Keeping reptiles as companion animals?
Can I get some thoughts on the ethics of this? Thanks.
I've got no strong feeling on this topic, but here are some thoughts:
Adopting a dog or cat from an animal shelter is arguably good. You are saving the animal from an early death, and providing the animal with a happy life (we hope).
Certain dog breeds are so domesticated that they can't survive / thrive in the wild - we humans are obligated to take care of them.
Cats are able to survive on their own. Certain cats might be happier living freely, if given the chance to do so. To prevent overpopulation (in the absence of natural predators), cats should be spayed/neutered.
On the other hand, reptiles are non-domesticated animals. When you buy a reptile, you are likely buying it from a breeder, not from a shelter. Reptiles are probably happier on their own, in their natural habitat.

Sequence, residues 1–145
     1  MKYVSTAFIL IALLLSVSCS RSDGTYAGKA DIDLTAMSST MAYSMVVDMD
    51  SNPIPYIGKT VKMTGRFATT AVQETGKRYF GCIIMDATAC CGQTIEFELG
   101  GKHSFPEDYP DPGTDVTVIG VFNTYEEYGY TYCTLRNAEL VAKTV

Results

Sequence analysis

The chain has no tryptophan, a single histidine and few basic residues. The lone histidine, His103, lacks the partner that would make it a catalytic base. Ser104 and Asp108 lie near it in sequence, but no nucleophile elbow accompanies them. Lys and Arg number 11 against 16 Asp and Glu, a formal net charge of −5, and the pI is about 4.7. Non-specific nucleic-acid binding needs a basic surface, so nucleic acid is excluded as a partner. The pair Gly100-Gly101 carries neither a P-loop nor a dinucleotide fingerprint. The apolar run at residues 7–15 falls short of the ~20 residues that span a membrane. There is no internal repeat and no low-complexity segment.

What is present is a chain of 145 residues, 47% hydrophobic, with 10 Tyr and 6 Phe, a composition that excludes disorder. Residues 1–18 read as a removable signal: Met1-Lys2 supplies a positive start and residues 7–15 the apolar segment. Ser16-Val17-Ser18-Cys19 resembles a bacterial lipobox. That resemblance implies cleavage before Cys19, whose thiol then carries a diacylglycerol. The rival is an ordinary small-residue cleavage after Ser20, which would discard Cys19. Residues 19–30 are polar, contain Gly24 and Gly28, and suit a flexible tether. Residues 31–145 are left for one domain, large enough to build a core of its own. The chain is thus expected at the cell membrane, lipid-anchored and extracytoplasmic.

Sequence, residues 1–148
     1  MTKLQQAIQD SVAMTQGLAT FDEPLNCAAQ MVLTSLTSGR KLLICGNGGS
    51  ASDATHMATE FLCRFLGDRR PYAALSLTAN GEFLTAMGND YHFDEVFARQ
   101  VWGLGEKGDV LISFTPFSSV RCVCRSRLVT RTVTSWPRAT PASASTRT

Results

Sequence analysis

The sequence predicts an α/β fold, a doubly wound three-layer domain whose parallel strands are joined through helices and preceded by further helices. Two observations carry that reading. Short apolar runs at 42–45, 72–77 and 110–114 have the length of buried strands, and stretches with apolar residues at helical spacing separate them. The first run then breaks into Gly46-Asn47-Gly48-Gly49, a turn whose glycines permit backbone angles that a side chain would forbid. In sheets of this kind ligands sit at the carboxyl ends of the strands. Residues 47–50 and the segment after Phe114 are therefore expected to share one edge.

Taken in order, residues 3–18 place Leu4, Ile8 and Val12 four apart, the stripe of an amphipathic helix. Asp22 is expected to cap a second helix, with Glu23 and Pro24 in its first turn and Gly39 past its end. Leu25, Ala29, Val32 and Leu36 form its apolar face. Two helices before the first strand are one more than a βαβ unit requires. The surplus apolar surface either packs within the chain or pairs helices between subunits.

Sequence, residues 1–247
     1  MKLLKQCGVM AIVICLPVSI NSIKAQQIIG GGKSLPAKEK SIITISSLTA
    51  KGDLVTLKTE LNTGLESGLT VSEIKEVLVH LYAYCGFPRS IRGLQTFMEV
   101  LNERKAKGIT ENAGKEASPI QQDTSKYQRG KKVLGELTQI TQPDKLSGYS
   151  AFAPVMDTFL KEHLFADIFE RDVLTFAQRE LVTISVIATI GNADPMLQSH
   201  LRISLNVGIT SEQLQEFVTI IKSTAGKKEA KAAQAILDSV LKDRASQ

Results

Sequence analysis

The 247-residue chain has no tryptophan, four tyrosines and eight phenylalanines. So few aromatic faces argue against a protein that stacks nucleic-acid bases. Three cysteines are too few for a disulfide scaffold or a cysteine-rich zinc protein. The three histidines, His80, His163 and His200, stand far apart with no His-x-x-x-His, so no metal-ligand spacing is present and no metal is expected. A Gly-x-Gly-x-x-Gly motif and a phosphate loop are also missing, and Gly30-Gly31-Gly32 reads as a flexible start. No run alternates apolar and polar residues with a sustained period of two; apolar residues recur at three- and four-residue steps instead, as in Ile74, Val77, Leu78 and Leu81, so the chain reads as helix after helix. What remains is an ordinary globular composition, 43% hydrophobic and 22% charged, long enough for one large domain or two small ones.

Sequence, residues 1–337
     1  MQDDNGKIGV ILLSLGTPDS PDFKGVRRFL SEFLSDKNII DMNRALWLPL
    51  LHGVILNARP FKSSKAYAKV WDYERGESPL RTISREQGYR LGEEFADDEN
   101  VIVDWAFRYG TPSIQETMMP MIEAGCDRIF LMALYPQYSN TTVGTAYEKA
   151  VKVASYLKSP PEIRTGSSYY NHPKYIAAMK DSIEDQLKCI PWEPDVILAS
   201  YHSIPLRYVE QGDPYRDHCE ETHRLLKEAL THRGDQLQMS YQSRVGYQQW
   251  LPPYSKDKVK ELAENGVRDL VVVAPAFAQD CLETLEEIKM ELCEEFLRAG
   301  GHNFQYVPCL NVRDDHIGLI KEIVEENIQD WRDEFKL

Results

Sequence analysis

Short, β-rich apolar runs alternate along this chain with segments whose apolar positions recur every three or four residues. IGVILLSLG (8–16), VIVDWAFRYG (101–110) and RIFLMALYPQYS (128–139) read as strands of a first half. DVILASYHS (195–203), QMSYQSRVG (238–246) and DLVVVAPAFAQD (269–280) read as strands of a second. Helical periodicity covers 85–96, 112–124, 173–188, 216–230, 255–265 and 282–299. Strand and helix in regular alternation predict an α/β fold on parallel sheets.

Reptiles belong in the wild. I can't imagine what it would be like to live in a "box" (terrarium, house, etc.) when every instinct and desire is to be yourself, living your life as it should be lived (free from human interference).
@David3 makes good points, above. I haven;t looked for info about this, but you might want to inquire around to see of there are any reptile rescue organizations. I know some people (irresponsibly!!!) turn pet reptiles loose- or maybe they sometimes escape- witness the Burmese Python problem in Florida.
I don't know what kind of reptile you had in mind, but you could investigate if you wanted to avoid breeders or wild-caught animals (I honestly don't know if pet reptiles are wild-caught). I do know that people have purchased, for example, Sulcata tortoises when those tortoises were young and cute (and... most importantly... small.) When the tortoise grew big and strong enough to plow through a screen door, they realized they were in over their heads. I think even common green iguanas are sometimes re-homed to someone willing to take them in.
It's possible that people sometimes just get tired of their pet reptiles, as some of them can be quite long-lived- even if they're not as unmanageable as a 12-foot-long python or 200-pound tortoise. You could always ask around.
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